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For divines, if we observe them, have their postures, and their motions no less expertly, and with no less variety, than they that practise feats in the Artilleryground. Sometimes they seem furiously to march on, and presently march counter; by and by they stand, and then retreat; or if need be can face about, or wheel in a whole body, with that cunning and dexterity as is almost unperceivable; to wind themselves by shifting ground into places of more advantage. And providence only must be the drum, providence the word of command, that calls them from above, but always to some larger benefice, or acts them into such or such figures and promotions. At their turns and doublings no men readier, to the right, or to the left; for it is their turns which they serve chiefly; herein only singular, that with them there is no certain hand right or left, but as their own commodity thinks best to call it. But if there come a truth to be defended, which to them and their interest of this world seems not so profitable, straight these nimble motionists can find no even legs to stand upon; and are no more of use to reformation thoroughly performed, and not superficially, or to the advancement of truth, (which among mortal men is always in her progress,) than if on a sudden they were struck maim and crippled. Which the better to conceal, or the more to countenance by a general conformity to their own limping, they would have Scripture, they would have reason also made to halt with them for company; and would put us off with impotent conclusions, lame and shorter than the premises. In this posture they seem to stand with great zeal and confidence on the wall of Sion; but like Jebusites, not like Israelites, or Levites: blind also as well as lame, they discern not David from Adonibezec: but cry him up for the Lord's anointed, whose thumbs and great toes not long before they had cut off upon their pulpit cushions. Therefore he who is our only king, the root of David, and whose kingdom is eternal righteousness, with all those that war under him, whose happiness and final hopes are laid up in that only just and rightful kingdom, (which we pray incessantly may come soon, and in so praying wish hasty ruin and destruction to all, tyrants,) even he our immortal King, and all that love him, must of necessity have in abomination these blind and lame defenders of Jerusalem; as the soul of David hated them, and forbid them entrance into God's house, and his own. But as to those before them, which I cited first (and with an easy search, for many more might be added) as they there stand, without more in number, being the best and chief of protestant divines, we may follow them for faithful guides, and without doubting may receive them, as witnesses abundant of what we here affirm concerning tyrants. And indeed I find it generally the clear and positive determination of them all, (not prelatical, or of this late faction subprelatical,) who have written on this argument; that to do justice on a lawless king, is to a private man unlawful; to an inferior magistrate lawful: or if they were divided in opinion, yet greater than these here alleged, or of more authority in the church, there can be none produced.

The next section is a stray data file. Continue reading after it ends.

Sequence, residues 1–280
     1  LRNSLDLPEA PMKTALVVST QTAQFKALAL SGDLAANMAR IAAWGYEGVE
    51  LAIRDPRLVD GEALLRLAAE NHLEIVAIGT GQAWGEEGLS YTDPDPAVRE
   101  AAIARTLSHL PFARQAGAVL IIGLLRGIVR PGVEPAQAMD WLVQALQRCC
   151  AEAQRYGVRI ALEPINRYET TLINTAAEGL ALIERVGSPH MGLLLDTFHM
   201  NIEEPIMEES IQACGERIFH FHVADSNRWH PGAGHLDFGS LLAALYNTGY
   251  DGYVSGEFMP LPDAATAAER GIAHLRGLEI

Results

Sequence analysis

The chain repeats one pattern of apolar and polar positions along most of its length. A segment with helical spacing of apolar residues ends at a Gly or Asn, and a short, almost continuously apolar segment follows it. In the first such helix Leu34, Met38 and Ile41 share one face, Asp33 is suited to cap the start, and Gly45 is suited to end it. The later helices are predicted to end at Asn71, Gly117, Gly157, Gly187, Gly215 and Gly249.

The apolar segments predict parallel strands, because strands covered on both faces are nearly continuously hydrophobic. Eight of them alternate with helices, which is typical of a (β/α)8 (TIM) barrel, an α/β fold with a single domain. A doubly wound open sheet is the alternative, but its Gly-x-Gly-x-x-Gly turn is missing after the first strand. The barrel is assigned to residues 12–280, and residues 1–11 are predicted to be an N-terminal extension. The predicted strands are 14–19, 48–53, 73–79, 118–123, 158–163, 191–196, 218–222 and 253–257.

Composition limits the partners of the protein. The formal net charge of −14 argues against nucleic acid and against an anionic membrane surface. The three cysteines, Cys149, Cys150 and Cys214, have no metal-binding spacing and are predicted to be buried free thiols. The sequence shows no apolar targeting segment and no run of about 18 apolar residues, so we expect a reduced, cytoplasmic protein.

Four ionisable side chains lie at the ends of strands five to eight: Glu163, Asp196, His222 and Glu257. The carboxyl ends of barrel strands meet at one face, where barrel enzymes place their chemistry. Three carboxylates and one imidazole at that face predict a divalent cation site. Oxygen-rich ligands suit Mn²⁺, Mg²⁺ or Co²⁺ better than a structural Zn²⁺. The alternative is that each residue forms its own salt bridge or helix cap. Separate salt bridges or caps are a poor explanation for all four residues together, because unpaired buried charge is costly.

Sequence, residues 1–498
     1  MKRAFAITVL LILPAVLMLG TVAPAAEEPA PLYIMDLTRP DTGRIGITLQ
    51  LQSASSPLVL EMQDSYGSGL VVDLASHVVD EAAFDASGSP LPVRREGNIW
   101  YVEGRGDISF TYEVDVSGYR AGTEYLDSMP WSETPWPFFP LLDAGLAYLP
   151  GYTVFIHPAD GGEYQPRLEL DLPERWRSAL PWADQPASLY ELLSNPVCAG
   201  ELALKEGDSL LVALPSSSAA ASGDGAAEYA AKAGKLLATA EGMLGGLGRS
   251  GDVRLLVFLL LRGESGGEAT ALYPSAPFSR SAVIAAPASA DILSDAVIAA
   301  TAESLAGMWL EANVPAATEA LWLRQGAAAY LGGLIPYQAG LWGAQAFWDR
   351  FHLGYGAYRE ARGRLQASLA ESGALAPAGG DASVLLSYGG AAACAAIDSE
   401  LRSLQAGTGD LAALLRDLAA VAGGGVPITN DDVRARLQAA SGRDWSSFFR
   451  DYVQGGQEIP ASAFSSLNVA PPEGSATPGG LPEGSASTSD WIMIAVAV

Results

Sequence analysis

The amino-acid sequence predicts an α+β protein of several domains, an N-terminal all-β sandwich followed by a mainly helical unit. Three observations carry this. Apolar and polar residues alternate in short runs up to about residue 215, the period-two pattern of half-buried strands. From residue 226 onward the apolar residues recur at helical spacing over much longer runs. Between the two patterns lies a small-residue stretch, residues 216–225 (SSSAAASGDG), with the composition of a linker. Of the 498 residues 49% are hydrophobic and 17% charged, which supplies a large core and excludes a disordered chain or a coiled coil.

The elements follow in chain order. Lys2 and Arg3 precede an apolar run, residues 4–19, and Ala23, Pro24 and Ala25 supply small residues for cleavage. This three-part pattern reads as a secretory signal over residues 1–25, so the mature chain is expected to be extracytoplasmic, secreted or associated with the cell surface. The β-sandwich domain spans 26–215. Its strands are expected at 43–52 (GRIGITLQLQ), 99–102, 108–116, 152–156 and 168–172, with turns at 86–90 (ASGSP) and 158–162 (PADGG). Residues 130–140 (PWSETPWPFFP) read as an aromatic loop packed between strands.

themselves, as is affirmed, p. 37, 38, might for his | whole life, if they saw cause, take all power, authority, and the sword out of his hand, which in effect is to unmagistrate him, why might they not, being then themselves the sole magistrates in force, proceed to punish him, who, being lawfully deprived of all things that define a magistrate, can be now no magistrate to be degraded lower, but an offender to be punished. Lastly, whom they may defy, and meet in battle, why may they not as well prosecute by justice? For lawful war is but the execution of justice against them who refuse law. Among whom if it be lawful (as they deny not, p. 19, 20,) to slay the king himself coming in front at his own peril, wherefore may not justice do that intendedly, which the chance of a defensive war might without blame have done casually, nay purposely, if there it find him among the rest? They ask, p. 19," By what rule of conscience or God, a state is bound to sacrifice religion, laws, and liberties, rather than a prince defending such as subvert them, should come in hazard of his life." And I ask by what conscience, or divinity, or law, or reason, a state is bound to leave all these sacred concernments under a perpetual hazard and extremity of danger, rather than cut of a wicked prince, who sits plotting day and night to abvert them. They tell us, that the law of nature justifies any man to defend himself, even against the king in person: let them shew us then, why the same law may not justify much more a state or whole people, to do justice upon him, against whom each private man may lawfully defend himself; seeing all kind of justice done is a defence to good men, as well as a punishment to bad; and justice done upon a tyrant is no more but the necessary self-defence of a whole commonwealth. To war upon a king, that his instruments may be brought to condign punishment, and thereafter to punish them the instruments, and not to spare only, but to defend and honour him the author, is the strangest piece of justice to be called christian, and the strangest piece of reason to be called human, that by men of reverence and learning, as their style imports them, ever yet was vented. They maintain in the third and fourth section, that a judge or inferior magistrate is anointed of God, is his minister, hath the sword in his hand, is the obeyed by St. Peter's rule, as well as the supreme, and without difference any where expressed and yet will have us fight against the supreme till he remove and punish the inferior magistrate (for such were greatst delinquents); whenas by Scripture, and by reason, There can no more authority be shewn to resist the one an the other; and altogether as much, to punish or deprese the supreme himself, as to make war upon him, till be punish or deliver up his inferior magistrates, whom in the same terms we are commanded to obey, and not to resist. Thus while they, in a cautious line of two here and there stuffed in, are only verbal against the pulling down or punishing of tyrants, all the Scriptare and the reason, which they bring, is in every leaf Girect and rational, to infer it altogether as lawful, as to resist them. And yet in all their sermons, as hath by others been well noted, they went much further.